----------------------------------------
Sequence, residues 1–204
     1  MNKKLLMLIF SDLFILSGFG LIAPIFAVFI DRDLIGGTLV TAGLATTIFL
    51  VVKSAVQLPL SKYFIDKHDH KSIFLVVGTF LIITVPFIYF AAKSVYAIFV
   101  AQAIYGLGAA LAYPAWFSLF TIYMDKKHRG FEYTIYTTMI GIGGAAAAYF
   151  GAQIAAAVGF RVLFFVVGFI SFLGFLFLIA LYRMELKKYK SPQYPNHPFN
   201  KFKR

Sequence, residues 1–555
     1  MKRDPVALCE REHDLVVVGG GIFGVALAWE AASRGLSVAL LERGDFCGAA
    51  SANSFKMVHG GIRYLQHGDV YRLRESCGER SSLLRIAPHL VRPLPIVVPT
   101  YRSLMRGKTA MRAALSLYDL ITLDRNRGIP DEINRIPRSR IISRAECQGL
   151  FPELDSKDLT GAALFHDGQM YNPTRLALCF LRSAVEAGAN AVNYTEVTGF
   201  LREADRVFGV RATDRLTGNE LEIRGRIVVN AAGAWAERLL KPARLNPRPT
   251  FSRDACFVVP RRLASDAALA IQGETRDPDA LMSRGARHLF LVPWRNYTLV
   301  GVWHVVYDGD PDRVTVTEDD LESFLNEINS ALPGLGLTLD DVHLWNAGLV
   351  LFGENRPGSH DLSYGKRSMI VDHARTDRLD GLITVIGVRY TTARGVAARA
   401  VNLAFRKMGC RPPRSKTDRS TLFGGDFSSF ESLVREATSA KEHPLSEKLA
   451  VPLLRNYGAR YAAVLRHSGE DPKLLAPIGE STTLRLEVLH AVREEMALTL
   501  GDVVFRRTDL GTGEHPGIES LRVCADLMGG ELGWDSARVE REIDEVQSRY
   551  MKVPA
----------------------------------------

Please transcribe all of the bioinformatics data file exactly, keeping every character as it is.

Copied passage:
Sequence, residues 1–204
     1  MNKKLLMLIF SDLFILSGFG LIAPIFAVFI DRDLIGGTLV TAGLATTIFL
    51  VVKSAVQLPL SKYFIDKHDH KSIFLVVGTF LIITVPFIYF AAKSVYAIFV
   101  AQAIYGLGAA LAYPAWFSLF TIYMDKKHRG FEYTIYTTMI GIGGAAAAYF
   151  GAQIAAAVGF RVLFFVVGFI SFLGFLFLIA LYRMELKKYK SPQYPNHPFN
   201  KFKR

Sequence, residues 1–555
     1  MKRDPVALCE REHDLVVVGG GIFGVALAWE AASRGLSVAL LERGDFCGAA
    51  SANSFKMVHG GIRYLQHGDV YRLRESCGER SSLLRIAPHL VRPLPIVVPT
   101  YRSLMRGKTA MRAALSLYDL ITLDRNRGIP DEINRIPRSR IISRAECQGL
   151  FPELDSKDLT GAALFHDGQM YNPTRLALCF LRSAVEAGAN AVNYTEVTGF
   201  LREADRVFGV RATDRLTGNE LEIRGRIVVN AAGAWAERLL KPARLNPRPT
   251  FSRDACFVVP RRLASDAALA IQGETRDPDA LMSRGARHLF LVPWRNYTLV
   301  GVWHVVYDGD PDRVTVTEDD LESFLNEINS ALPGLGLTLD DVHLWNAGLV
   351  LFGENRPGSH DLSYGKRSMI VDHARTDRLD GLITVIGVRY TTARGVAARA
   401  VNLAFRKMGC RPPRSKTDRS TLFGGDFSSF ESLVREATSA KEHPLSEKLA
   451  VPLLRNYGAR YAAVLRHSGE DPKLLAPIGE STTLRLEVLH AVREEMALTL
   501  GDVVFRRTDL GTGEHPGIES LRVCADLMGG ELGWDSARVE REIDEVQSRY
   551  MKVPA